The EMV shift will impact each merchant differently, and most nonprofits will be the “least affected” of all merchant types. Starting October 1, 2015, liability shifts from issuing banks to merchants for fraudulent, in-person sales for which EMV could have been used. This means that if you swipe (instead of dip) an EMV card, and that card was fraudulent, YOU ARE RESPONSIBLE FOR THE LOSSES. This is different than before – it used to be that if you accepted a fraudulent card, it was the issuing bank who took the responsibility most of the time. Now, if you could have taken the sale via EMV but didn’t, the fraud is your responsibility.
This is what would have to happen for your organization to bear liability:
- First, one of your customers’ cards would need to be compromised. Their EMV card would have to be “skimmed” and the fraudster would copy the magnetic stripe of their EMV card onto a fake, fraudulent card.
- THEN, that fraudster would have to arrive, in-person, at your location and process a sale. If you “dipped” this sale via EMV, the fraud would be immediately stopped, as the sale wouldn’t process. But, if you just “swiped” the card, the sale would process, and the fraudster would leave, goods in hand. The real cardholder’s card would be charged by your organization.
- Later, the real cardholder would call their bank, report the fraud, and contest the sale. You’d lose the dispute, since the fraud could have been prevented, had you utilized EMV.
So… should we worry?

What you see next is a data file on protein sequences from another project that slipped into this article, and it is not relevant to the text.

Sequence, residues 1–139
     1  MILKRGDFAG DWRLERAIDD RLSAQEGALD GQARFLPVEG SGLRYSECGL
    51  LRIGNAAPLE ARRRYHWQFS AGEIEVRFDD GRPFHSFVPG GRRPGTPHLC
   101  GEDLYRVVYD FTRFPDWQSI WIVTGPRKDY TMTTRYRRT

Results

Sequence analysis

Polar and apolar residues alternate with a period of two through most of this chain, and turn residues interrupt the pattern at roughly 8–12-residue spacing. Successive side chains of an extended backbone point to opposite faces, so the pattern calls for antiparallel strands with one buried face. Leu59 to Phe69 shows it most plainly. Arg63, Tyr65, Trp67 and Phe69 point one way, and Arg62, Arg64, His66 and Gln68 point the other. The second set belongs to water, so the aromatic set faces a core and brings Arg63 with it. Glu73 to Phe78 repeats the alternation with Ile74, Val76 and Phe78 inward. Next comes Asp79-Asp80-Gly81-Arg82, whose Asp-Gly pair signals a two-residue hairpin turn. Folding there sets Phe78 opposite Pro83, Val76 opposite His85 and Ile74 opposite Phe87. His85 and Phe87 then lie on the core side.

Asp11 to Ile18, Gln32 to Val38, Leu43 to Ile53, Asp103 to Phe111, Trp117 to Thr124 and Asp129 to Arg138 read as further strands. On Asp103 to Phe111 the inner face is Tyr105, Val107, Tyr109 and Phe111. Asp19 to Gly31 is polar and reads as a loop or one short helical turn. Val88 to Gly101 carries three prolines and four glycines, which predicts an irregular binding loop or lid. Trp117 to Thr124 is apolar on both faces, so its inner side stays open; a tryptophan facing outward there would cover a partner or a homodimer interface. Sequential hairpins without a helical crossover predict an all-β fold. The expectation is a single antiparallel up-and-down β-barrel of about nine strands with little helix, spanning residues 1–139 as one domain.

If you are a merchant who is likely to be targeted for in-person fraud, then EMV is very important in protecting yourself from fraudulent sales. Merchants selling high-ticket goods or easily re-sellable items are at high risk – because a fraudster could copy someone’s card, use it at your organization to purchase expensive goods, then turn around and immediately sell those goods on the open market. The real cardholder would simply dispute the sale with their bank, and they’d WIN – leaving YOU on the hook for fraud.
Should I upgrade to EMV?
Long term, the answer is YES, you’ll need to upgrade to EMV hardware if you take in-person sales. Over the next year or so, all of your customers will start having EMV cards in their wallets, and will expect to be able to pay with them. It won’t happen overnight, but long-term, EVERYONE will have an EMV card, and magnetic swipes will be a thing of the past.
You’ve got time, though. For the next few years, every card issued will have BOTH a chip AND magnetic stripe – so you’ll be able to accept any card. Ultimately though, issuing banks will stop putting the magnetic stripe on the back, and only EMV will remain.
Conversely – if you only accept donations and small goods sales, chances are that fraudsters aren’t targeting you, and EMV isn’t as big of a deal. Stealing cards is a risk, and fraudsters won’t take that risk if they don’t see a worthy reward.
When should I upgrade?
Although an upgrade will ultimately be required, you don’t have to do it today. Many organizations are choosing to, but you can wait as long as you’d like. Ultimately, it’s your organization’s decision to determine how much risk of fraud you’re willing to withstand before investing in new hardware. There are plenty of merchants waiting, particularly those in low-risk businesses.
Due to large demand for EMV hardware, there are very limited EMV solutions on the market today. As such, many nonprofits are opting to wait until 2016 to invest in new solutions. Ultimately, it’s up to your organization to determine if an investment in new hardware outweighs the risks of potential fraud.
How does Dharma support EMV?
Dharma currently has multiple different terminal offerings, and is in the process of upgrading all current merchants to accept EMV. We’re doing our best to educate our merchants, offer low-priced hardware, and help dispel any confusion around EMV. See the below links for additional information about the EMV shift and how it affects you.
- Dharma’s Getting Ready for EMV questionnaire (for current merchants)
- Explaining EMV, liability shifts, and other FAQs
- How EMV affects restaurants and tip-accepting merchants